Feedback should also be a two-way street. What members of your team can see from their own, unique vantage point may be every bit as important as what you see from yours so feedback should be an ongoing, two-way exchange. Over the years, I’ve developed the habit of seeking feedback from people around me – including from my direct reports during our formal reviews – and can think of no downside of doing this.
What a mid-year should never feel like is a sentence pronounced by some higher authority, and anyone who is eagerly waiting for their mid-year to find out how they’re doing (or, more accurately, how their superior perceives that they’re doing), is in urgent need of having a good, open discussion with their manager about the importance of on-going communication. Nor should a formal review ever be a time to ambush colleagues or “tell them” about things that you’ve been holding on just for the occasion.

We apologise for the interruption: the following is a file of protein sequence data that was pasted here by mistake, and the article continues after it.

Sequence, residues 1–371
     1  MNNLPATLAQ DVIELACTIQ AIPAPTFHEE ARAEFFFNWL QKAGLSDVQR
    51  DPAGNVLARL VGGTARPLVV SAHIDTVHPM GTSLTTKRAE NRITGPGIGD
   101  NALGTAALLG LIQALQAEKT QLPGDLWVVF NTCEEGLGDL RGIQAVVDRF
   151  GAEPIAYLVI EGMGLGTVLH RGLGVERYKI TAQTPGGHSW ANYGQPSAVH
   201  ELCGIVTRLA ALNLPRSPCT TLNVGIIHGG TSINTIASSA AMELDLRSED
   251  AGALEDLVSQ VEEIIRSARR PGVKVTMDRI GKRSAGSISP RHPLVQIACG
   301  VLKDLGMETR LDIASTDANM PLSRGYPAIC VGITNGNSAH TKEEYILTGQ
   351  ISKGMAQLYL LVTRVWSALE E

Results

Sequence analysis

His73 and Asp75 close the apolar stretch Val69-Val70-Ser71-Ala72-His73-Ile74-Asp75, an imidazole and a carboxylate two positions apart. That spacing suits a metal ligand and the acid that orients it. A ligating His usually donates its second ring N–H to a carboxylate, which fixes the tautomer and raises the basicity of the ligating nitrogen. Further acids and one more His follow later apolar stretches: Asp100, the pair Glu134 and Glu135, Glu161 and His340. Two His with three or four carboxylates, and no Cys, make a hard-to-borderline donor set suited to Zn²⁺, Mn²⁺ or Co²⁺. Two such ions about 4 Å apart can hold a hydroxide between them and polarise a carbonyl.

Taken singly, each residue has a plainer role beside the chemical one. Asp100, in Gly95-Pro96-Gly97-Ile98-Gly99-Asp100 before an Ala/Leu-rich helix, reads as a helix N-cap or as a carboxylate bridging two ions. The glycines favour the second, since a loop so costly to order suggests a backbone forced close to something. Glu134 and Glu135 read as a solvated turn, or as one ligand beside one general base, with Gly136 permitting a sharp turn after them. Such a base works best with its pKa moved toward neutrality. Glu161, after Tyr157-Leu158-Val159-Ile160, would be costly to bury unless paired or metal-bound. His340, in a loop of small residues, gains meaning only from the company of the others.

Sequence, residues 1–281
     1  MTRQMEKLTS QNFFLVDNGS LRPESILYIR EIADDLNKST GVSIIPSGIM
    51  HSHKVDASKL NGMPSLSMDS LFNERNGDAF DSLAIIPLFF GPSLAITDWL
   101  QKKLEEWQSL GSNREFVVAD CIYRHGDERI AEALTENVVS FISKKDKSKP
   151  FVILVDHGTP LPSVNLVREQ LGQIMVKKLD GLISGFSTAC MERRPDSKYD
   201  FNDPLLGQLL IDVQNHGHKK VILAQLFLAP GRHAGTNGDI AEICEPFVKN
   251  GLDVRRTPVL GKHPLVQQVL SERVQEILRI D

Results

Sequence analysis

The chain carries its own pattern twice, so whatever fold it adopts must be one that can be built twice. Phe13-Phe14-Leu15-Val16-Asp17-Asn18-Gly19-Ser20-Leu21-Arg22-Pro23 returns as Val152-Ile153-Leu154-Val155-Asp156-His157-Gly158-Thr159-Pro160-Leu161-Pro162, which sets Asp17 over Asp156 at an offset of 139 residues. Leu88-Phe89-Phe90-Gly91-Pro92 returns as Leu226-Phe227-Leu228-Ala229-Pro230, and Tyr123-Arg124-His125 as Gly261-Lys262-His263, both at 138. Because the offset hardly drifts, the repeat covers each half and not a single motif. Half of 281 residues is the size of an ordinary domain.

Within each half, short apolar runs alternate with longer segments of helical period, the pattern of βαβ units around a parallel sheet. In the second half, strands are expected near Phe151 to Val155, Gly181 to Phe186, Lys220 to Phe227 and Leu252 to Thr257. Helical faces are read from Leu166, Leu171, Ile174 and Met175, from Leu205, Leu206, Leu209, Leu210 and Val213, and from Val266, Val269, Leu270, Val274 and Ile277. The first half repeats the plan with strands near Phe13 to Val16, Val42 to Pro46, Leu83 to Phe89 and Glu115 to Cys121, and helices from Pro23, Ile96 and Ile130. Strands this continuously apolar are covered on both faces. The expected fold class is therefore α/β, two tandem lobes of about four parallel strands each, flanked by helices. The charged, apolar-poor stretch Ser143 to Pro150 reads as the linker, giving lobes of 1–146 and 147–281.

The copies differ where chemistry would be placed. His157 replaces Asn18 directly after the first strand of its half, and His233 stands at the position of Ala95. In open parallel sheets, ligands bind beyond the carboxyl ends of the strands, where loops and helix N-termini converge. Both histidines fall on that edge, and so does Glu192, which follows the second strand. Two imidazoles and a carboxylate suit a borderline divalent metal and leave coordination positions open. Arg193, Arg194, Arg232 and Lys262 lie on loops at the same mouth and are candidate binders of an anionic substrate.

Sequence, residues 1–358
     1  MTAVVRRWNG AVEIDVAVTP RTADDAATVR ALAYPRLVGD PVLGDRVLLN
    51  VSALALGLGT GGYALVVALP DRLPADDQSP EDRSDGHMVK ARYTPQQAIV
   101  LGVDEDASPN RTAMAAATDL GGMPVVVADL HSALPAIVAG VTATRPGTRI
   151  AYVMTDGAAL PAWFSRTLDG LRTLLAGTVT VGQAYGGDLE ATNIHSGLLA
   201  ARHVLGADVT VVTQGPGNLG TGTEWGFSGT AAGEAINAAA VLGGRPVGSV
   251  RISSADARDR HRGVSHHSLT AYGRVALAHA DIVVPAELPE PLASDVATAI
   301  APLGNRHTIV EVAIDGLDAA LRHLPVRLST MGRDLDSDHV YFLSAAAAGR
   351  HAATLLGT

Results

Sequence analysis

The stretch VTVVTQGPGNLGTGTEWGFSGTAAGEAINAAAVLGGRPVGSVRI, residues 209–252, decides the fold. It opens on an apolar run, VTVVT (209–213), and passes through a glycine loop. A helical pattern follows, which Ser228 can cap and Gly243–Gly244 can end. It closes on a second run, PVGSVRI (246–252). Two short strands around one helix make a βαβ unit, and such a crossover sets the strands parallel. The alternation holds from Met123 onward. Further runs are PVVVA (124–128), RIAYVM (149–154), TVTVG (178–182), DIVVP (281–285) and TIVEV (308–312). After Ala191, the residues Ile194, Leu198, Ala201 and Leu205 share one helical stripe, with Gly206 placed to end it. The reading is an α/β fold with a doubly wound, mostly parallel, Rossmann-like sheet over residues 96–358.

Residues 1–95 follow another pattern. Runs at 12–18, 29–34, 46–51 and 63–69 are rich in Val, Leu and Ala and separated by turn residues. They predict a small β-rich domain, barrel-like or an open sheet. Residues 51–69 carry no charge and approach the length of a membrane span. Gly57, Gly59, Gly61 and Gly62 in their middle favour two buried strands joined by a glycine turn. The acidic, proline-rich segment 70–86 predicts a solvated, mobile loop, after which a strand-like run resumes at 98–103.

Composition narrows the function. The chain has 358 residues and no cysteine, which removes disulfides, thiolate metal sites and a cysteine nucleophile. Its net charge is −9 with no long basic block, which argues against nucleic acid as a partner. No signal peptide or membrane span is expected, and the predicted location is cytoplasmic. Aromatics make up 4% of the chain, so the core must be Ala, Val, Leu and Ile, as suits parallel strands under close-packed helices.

As an exchange designed to promote better outcomes, effective feedback depends not only on how it is offered but also on how it is received. This brings us squarely onto the territory of trust, one of the trickiest aspects of interpersonal relationships on any scale that you may care to think of: household, team, club, unit, organization, etc.
As Manuel Beccerra and Anil. K. Gupta discussed in 1999 in an article titled “Trust within the organization” (2), trust is influenced by a combination of impersonal factors such as structure, policies, procedures, and compensation systems, as well as personal factors such as biases, cultures, attitudes, experiences, and interactions through time. (Trust within the organization, p. 198) They discussed impersonal factors in the following terms: